The purpose of our study was to determine whether CT findings in GI perforations are helpful in predicting clinical outcomes compared to P-POSSUM and WSES Sepsis Severity Score. We evaluated if free fluid or free air on CT could be associated with sepsis, septic shock or mortality in GI perforations. The aim was to introduce a new scoring system based on CT findings as an early prognostic tool.
We present the following article in accordance with STROBE reporting checklist (available at http://dx.doi.org/10.21037/atm-20-2184).
We reviewed observationally the medical records of patients (age >18 years) who underwent emergency surgery for intestinal perforation in S.G. Bosco Hospital, Turin, between January 2014 and June 2017. Patients were identified according to the International Classification of Diseases, Clinical Modification Code for intestinal perforations (ICD-9-CM 569.83, ICD-10-CM K63.1). In order to be included in the study, patients with GI perforation had to be diagnosed by detection of free intraperitoneal fluid and air on CT and the diagnosis had to be confirmed intraoperatively. Exclusion criteria were unavailable clinical and radiological data and GI perforations diagnosed only intraoperatively. All imaging, laboratory and clinical data were evaluated (Figure 1).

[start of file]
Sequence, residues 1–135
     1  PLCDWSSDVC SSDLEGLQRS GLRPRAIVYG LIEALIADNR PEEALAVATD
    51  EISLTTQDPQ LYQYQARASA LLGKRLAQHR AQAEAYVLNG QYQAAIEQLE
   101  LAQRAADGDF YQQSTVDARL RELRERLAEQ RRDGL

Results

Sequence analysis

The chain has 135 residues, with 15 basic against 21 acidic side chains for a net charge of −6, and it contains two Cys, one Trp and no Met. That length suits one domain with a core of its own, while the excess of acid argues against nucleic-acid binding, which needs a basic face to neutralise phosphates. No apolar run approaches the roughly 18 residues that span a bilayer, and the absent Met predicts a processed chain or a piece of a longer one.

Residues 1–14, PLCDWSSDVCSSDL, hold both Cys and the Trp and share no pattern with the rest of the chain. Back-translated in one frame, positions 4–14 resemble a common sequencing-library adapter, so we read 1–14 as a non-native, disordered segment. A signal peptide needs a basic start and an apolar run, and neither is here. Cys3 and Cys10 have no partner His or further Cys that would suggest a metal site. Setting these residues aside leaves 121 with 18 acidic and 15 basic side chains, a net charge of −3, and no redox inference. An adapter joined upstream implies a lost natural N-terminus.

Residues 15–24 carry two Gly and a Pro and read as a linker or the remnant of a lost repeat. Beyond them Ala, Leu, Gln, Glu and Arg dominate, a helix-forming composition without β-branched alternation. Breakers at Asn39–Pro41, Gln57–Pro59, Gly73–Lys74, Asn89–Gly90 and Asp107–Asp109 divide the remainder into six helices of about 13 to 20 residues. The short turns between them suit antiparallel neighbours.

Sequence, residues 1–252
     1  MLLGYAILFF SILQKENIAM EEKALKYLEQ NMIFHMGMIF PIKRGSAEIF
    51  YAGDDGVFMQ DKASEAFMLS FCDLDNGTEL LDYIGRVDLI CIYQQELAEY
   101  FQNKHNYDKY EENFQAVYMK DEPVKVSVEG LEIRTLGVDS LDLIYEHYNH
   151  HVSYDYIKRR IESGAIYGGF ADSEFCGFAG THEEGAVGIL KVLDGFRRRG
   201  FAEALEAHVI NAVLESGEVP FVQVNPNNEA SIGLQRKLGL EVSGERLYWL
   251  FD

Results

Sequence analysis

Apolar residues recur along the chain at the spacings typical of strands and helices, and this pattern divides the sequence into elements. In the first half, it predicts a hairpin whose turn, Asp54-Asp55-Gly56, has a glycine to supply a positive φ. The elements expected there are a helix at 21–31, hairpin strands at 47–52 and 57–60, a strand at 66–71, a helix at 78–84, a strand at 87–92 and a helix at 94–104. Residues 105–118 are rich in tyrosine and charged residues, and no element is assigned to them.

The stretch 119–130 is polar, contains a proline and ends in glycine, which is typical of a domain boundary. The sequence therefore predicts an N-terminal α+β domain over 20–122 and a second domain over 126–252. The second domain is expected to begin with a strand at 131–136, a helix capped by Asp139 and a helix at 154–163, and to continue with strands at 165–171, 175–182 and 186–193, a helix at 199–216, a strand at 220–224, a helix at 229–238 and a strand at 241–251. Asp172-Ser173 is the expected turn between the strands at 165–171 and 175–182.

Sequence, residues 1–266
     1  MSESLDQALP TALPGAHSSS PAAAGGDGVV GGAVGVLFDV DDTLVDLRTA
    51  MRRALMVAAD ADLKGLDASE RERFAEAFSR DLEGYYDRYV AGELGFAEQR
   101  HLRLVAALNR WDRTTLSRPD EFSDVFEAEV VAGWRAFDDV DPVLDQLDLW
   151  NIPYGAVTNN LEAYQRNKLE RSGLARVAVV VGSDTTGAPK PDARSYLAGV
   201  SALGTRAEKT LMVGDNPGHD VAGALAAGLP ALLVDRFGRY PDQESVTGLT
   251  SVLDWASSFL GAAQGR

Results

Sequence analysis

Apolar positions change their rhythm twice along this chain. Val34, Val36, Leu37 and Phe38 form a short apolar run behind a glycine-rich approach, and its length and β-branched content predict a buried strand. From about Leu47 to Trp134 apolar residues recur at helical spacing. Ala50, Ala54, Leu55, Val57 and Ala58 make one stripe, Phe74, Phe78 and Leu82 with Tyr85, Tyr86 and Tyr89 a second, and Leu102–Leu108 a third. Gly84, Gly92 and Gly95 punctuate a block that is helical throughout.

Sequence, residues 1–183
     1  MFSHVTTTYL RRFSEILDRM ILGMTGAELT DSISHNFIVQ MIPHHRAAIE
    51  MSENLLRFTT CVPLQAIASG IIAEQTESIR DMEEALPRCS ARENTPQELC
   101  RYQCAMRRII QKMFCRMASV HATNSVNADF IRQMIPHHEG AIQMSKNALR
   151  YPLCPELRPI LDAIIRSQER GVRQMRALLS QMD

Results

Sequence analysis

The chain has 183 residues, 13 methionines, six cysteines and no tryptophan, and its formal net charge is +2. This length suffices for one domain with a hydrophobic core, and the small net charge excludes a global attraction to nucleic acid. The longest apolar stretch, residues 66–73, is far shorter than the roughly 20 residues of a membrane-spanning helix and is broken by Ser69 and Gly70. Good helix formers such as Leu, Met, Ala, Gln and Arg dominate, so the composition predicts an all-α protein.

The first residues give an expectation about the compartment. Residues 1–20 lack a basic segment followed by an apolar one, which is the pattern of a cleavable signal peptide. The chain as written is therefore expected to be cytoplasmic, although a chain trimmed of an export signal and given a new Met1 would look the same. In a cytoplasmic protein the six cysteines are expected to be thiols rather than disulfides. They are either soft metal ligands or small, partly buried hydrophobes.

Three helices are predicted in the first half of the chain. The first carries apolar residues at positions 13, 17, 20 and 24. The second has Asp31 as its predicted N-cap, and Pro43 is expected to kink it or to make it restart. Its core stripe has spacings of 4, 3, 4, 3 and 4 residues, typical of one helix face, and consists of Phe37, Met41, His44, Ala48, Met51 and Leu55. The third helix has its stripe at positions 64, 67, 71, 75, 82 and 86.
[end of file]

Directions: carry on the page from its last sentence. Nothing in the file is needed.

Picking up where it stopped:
The pre-operative CT images were interpreted by two independent reviewers without knowledge of the patient characteristics and clinical outcome. When the CT findings observed were inconsistent or not in agreement, a definitive result was reached by consensus. For every patient, CT findings were recorded and subdivided according to the location of free intraperitoneal fluid (>4 mL) and/or gas [upper left quadrant (ULQ), upper right quadrant (URQ), lower left quadrant (LLQ), lower right quadrant (LRQ), pelvis, inter-loops].